by Hanna Neuschwander

Dating is useful almost exclusively as an exercise in helping you understand what you don’t want out of your “forever life.” A necessary but torturous series of practice rounds for the real thing. Along the way, happily, you pick up some useful tricks: How to fold a fitted sheet, maybe, or how to navigate the hazy, shifting line between being an independent/confident partner and a selfish one. By the time you’re done dating (if you do ever become done with it), you’ve built a keen set of filters that help you sort out what’s likely to work for you. That guy? Nope. Him? No. Over there? Mmm mmm, no thank you sir. Nada. It takes a long time to learn how to say no so you’re ready to say yes to the right one(s).

Employment is a little bit the same. You work through a series of jobs in your youth that help you build skills, hard and soft, and help you figure out what you do and don’t like doing with your time, what you’re not good at and what you are, what is challenging in a fun way and what is challenging in a way that makes you want to gouge out your eyes with unsharpened pencils. If you’re a natural-born bureaucrat like me, you might discover an uncommon love of org charts and schedules and Trello boards. Or you might discover you chafe under rigid hierarchies and that you thrive on talking to people all day, and that you desperately hate wearing anything with a collar. These are the small realizations that accumulate to point you in the direction of your eventual career.

I, like most people, had no idea I’d end up working in coffee. I got a job as a barista when I was 24 because I had moved to a new city and I didn’t know anyone. It seemed like a good way to meet people. My professional ambition had always been to be a communicator. I had already worked at a publishing company, as a magazine copy editor, and as a medical editor by the time I moved to Portland in 2007 and got my barista gig. I simultanesouly took a job at the local newspaper. Since I was learning about coffee, they asked me to start writing about it. I said yes. I wrote some café reviews and met some fascinating, passionate people working behind the bar. A few months later, I got a great “real life” job as the strategic communications director for a college. But I couldn’t quite let go of coffee. I kept writing about it, freelancing for the paper and for our local city magazine. Then I got really lucky and a publisher asked if I’d like to write a book about it. I said yes. I wrote the book, and I pitched more stories to more magazines, leading a sort of double life, building my skill as a strategic communications professional, and following my curiosity about coffee down all sorts of rabbit holes. I got hooked on the big questions: What are the different roles that coffee plays in the social life of the 21st century? Why does it taste the way it does? How is it a product of a violent colonial legacy, and how is it uniquely capable of combatting that legacy? What will coffee be like in 100 years?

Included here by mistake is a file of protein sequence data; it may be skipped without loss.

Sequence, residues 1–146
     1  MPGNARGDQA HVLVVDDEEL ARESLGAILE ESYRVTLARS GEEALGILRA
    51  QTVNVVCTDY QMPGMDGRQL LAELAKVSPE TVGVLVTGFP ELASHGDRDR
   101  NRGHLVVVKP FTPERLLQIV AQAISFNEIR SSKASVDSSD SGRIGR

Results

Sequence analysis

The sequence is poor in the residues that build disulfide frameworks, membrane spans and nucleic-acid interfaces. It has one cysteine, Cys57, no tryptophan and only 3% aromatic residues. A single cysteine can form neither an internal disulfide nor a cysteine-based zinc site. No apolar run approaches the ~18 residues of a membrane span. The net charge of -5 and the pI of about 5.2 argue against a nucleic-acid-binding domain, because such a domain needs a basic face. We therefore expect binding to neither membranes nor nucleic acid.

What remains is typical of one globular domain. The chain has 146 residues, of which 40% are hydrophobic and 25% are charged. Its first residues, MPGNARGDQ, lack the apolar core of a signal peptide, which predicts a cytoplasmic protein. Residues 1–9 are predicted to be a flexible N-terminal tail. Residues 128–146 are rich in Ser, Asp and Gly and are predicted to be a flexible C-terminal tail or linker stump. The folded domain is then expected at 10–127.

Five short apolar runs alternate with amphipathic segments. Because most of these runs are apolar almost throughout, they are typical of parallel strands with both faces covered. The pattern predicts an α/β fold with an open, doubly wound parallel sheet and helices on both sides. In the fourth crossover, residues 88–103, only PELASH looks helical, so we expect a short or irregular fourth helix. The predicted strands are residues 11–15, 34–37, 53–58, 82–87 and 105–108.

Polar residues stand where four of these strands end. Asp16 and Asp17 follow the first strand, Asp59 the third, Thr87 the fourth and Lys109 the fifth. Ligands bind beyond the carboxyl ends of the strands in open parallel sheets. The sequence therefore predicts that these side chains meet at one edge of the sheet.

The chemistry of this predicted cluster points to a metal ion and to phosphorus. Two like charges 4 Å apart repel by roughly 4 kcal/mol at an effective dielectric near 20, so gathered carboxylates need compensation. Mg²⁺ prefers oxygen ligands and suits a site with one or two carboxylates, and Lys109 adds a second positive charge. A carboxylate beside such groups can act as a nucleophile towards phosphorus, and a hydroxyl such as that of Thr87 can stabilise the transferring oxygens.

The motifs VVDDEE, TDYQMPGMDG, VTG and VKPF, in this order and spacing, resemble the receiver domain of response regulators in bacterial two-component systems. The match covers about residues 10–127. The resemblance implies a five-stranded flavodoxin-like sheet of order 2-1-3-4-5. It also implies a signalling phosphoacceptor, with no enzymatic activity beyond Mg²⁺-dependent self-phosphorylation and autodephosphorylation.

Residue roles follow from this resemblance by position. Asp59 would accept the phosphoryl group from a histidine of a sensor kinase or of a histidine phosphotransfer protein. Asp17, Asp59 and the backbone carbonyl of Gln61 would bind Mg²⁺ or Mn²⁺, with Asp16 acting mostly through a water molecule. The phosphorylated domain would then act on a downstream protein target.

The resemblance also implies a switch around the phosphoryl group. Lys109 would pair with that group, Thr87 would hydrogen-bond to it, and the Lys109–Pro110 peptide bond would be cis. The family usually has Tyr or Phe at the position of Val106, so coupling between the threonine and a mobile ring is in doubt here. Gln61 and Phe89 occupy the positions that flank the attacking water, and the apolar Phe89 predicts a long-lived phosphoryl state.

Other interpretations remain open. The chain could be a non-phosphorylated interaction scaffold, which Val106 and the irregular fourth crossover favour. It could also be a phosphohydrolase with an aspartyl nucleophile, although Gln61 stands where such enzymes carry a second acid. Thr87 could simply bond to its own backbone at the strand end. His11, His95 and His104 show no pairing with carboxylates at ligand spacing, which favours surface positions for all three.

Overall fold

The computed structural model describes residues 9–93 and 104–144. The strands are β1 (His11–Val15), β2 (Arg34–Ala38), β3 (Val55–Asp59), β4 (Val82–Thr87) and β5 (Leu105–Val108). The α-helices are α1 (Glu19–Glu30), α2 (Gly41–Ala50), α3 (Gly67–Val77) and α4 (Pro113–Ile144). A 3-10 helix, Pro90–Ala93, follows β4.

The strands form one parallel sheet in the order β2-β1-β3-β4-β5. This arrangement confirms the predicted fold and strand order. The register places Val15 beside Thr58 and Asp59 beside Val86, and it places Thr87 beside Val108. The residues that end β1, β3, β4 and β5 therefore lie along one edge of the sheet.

Writing about coffee allowed me to follow my curiosity about it. Along the way, I got to know some incredible thinkers and doers in the coffee world. It was increasingly hard to say no when people asked me to do something – to write an article or give a talk. There were so many things that fascinated me about coffee. It was equally hard to stop myself from pitching stories I didn’t have time to write. Coffee was taking up more and more of my energy and enthusiasm. I was realizing that my day job didn’t quite give me the same jolt. I’d been happy making my professional life separate from coffee for almost 10 years, but increasingly I was questioning that separation.

And then I got pregnant. I realized I would no longer have the kind of expansive free time I’d need to think and write about coffee. I tried on the idea of giving coffee up, but I couldn’t get right with it. So I started toeing around to see what was out there in the world of coffee and communications employment. I’d “dated” a lot of jobs. I knew what I did and didn’t want: I didn’t want to step down in responsibility; in fact, I wanted more. I wanted to be able to keep writing in some capacity. I wanted to apply my professional knowledge of strategic communications, if possible, not just find a job running as the marketing director of a coffee roasting company. I wanted, above all, to have the freedom—even the expectation—that I would keep learning more about the big questions that vexed me. I got offered a few jobs that didn’t fit my criteria, and I said no to them.

Eventually, about a year after I’d first started looking around, an email showed up in my inbox asking if I’d like to come have a chat about World Coffee Research. It hit all my marks. It hit more of them than I dreamed was possible in one job. On paper, it was perfect. I swiped right. It wasn’t exactly an interview.  I agonized over what to wear to the meeting. I needn’t have. From almost the first minute, it was like I’d known this team for years. We were trading ideas and actually started doing the work of building a communications plan in that first meeting. It couldn’t have been a better first date.

I said yes.

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